Can you look into that young girl’s eyes and convince her that Robert E. Lee is there to encourage her? Do you think she will feel inspired and hopeful by that story? Do these monuments help her see a future with limitless potential? Have you ever thought that if her potential is limited, yours and mine are too?
We all know the answer to these very simple questions.
When you look into this child’s eyes is the moment when the searing truth comes into focus for us. This is the moment when we know what is right and what we must do. We can’t walk away from this truth.
To literally put the confederacy on a pedestal in our most prominent places of honor is an inaccurate recitation of our full past, it is an affront to our present, and it is a bad prescription for our future.
History cannot be changed. It cannot be moved like a statue. What is done is done. The Civil War is over, and the Confederacy lost and we are better for it. Surely we are far enough removed from this dark time to acknowledge that the cause of the Confederacy was wrong.
And in the second decade of the 21st century, asking African Americans — or anyone else — to drive by property that they own; occupied by reverential statues of men who fought to destroy the country and deny that person’s humanity seems perverse and absurd.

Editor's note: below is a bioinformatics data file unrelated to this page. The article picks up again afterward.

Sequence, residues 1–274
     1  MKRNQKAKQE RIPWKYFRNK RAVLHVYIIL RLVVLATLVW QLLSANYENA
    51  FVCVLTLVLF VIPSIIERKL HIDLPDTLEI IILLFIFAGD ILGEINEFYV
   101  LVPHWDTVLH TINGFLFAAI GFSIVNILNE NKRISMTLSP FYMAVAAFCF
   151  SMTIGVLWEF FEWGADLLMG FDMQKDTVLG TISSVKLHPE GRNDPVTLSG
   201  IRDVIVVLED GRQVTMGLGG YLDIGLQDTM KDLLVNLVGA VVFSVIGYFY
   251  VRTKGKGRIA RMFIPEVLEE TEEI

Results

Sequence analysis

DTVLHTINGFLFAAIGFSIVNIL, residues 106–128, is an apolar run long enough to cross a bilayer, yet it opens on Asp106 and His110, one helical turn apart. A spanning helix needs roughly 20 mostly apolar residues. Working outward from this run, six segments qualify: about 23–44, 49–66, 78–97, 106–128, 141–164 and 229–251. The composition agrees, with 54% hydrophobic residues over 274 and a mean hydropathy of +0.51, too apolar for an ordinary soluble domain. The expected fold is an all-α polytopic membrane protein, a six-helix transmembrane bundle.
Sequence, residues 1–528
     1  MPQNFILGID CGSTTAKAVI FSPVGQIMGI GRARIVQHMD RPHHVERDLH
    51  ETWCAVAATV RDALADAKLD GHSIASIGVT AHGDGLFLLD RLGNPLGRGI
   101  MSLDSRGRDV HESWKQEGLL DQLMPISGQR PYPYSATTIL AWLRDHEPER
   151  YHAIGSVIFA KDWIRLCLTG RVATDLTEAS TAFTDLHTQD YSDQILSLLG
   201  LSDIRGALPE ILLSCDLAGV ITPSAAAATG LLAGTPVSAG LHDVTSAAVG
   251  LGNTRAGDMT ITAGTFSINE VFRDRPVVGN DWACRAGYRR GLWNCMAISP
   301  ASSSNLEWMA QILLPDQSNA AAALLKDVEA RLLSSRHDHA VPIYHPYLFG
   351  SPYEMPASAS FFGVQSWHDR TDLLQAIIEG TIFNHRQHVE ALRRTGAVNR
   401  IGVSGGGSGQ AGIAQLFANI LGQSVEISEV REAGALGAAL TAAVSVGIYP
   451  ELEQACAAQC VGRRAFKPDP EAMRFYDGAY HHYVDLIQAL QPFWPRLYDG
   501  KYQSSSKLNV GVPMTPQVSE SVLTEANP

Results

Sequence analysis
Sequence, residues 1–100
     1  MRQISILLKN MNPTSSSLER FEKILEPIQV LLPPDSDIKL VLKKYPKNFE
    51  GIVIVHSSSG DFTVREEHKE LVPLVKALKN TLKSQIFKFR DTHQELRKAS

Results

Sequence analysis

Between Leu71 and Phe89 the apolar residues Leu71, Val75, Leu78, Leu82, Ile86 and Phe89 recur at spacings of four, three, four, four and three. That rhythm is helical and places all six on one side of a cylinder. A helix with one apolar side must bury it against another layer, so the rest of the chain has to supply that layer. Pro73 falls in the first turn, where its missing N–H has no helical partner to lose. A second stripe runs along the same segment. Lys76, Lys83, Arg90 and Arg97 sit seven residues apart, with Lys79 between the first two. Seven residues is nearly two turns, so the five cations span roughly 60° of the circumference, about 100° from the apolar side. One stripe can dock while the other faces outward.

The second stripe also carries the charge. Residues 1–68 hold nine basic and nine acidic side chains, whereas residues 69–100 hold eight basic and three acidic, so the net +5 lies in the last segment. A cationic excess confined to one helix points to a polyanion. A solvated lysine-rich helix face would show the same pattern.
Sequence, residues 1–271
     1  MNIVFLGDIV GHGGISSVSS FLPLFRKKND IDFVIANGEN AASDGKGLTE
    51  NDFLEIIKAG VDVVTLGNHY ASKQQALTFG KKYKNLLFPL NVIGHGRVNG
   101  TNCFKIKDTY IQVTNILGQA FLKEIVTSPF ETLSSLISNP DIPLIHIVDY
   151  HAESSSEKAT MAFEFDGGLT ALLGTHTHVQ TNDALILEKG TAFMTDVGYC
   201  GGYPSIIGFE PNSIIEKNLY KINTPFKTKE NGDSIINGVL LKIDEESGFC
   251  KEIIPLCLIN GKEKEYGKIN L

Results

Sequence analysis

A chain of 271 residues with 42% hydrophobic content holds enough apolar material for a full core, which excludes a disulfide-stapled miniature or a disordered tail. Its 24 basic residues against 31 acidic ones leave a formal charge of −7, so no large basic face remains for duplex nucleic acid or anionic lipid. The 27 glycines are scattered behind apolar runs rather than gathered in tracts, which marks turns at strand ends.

Centuries-old wounds are still raw because they never healed right in the first place.
Here is the essential truth: we are better together than we are apart. Indivisibility is our essence.
The display of the Confederate icons is an unspoken affirmation of a divisive cause, the one defeated on the battlefield more than 150 years ago but which Dylann Roof and many others still champion today. Removal of the icons signals that our American society no longer venerates those men nor their ideals, and can help move us closer to a day when that cause of divisiveness, at least, will be gone from American society. I wish our country had a president who could offer such a unifying message…